Understand which creators have the most extensive overlap between their followers and your target audience? For instance, if you are marketing a financial investment product, a creator with a large following of working professionals is better than a creator with a large following of students. Another example is if a brand wants to enter Tamil Nadu, it would need to partner with Tamil-speaking creators as Hindi-speaking creators might work very little in the South.
Define the objectives of your campaign
Social media channels offer an extraordinary number of data points you might get impressed by — likes, views, comments, and so on. But without a defined objective, they can be useless. Define your campaign objectives, such as are you looking to increase brand awareness? Or achieve sales targets? Or shape people's opinion? For instance, a car brand can engage a creator to communicate a special offer and get leads for the test drive, or a mutual fund brand can hire a creator to educate youngsters about financial investments in a friendly manner.
Decide the pricing model as per engagement
Prices vary as per engagement type, creator's niche, and influence. One way is to pay a flat rate as per a rate card for posts on various social media channels. Another way could be to spend based on performance parameters such as the number of views, lead generation, the spike in web traffic, the number of purchases or app downloads, and so on. For instance, Myntra onboarded Bhuvan Bam as its digital brand ambassador. A few years back, for Yatra.com, Prajakta Koli created a fortnightly property called Mostly Yatra on her channel. Fashion designers ask Team Naach to try their costumes, and music labels approach Team Naach to choreograph their songs. All these are different types of engagements.
Treat creators as partners rather than advertising outlets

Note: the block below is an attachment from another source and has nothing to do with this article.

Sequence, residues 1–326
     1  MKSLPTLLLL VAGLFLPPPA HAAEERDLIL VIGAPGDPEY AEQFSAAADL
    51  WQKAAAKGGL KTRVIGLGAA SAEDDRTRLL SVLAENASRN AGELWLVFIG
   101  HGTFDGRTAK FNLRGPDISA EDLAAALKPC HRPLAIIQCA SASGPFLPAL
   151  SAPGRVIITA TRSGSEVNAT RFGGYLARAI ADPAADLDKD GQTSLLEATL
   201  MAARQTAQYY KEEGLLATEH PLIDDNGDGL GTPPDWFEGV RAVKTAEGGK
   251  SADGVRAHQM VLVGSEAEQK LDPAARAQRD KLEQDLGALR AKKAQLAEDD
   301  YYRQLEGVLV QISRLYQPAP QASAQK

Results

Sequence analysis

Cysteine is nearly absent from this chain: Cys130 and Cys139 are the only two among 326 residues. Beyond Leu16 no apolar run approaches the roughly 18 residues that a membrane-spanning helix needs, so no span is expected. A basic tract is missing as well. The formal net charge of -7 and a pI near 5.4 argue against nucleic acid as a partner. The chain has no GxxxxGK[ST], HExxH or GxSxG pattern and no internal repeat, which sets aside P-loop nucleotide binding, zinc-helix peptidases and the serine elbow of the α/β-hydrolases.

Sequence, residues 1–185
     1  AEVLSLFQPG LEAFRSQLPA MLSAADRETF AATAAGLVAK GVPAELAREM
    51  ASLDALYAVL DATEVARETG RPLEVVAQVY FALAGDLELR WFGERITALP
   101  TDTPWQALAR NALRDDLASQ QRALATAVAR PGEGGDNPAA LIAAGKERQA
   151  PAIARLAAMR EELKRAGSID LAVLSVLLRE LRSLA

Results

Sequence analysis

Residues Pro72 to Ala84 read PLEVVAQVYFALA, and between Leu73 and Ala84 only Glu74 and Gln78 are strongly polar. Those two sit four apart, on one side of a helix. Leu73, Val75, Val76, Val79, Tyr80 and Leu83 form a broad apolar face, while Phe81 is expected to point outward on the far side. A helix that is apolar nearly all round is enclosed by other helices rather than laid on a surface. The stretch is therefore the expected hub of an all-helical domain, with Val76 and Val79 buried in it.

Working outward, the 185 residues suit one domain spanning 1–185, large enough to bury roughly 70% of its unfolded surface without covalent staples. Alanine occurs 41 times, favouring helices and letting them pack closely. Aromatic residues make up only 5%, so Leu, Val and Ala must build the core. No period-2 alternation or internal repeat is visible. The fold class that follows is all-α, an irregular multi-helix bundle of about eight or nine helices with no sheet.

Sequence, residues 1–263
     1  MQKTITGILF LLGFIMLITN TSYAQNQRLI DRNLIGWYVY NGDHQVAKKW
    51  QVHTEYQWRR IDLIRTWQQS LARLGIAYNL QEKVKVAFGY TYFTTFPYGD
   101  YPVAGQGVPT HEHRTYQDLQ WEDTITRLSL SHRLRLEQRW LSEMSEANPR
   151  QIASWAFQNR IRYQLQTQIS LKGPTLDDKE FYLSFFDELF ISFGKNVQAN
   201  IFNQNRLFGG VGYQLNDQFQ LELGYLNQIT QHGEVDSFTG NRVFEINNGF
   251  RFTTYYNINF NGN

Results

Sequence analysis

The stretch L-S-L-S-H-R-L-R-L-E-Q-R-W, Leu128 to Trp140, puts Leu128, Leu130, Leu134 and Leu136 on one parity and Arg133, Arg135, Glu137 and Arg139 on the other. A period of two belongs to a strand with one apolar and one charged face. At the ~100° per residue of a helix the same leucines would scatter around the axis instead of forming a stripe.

Content creators have invested a lot of time and effort in building friendships and establishing trust with their audience. They understand what clicks with their audience and prefer to incorporate a brand’s message authentically. So, marketers should listen to creators as partners rather than push words in their mouths and control their creative process. For instance, a few years back, when HealthifyMe approached Kabita's Kitchen to develop healthy recipes, the brand's objective was to get some visibility and achieve some app downloads. However, Kabita's Kitchen suggested that the brand do a 360-degree campaign rather than just one video and associate the campaign with New Year resolutions, rather than the original November to January campaign timeline. The outcome was fantastic. The video achieved over 10 million views, and the brand’s app got thousands of downloads.
Every advertising channel has a shelf life. There was a time when TV, newspapers, and billboards worked well. There was a time when tele-calling and SMS worked well. There was a time when emails, banner ads, search ads and social media ads worked well. But gradually, old advertising channels get exhausted, and new channels emerge. Undoubtedly, right now, content creators are in great demand by brands. The market will inevitably get crowded with many creators promoting brands, and this channel will also get exhausted. Smart marketers invent, adapt, and ultimately discard advertising channels. If you are not an inventor, adapt before your competition and discard before the channel gets exhausted.
The writer is an author of 'Booming Brands' and co-author of ‘Booming Digital Stars’. Views expressed are personal and don't necessarily represent any company's opinions.
The thoughts and opinions shared here are of the author.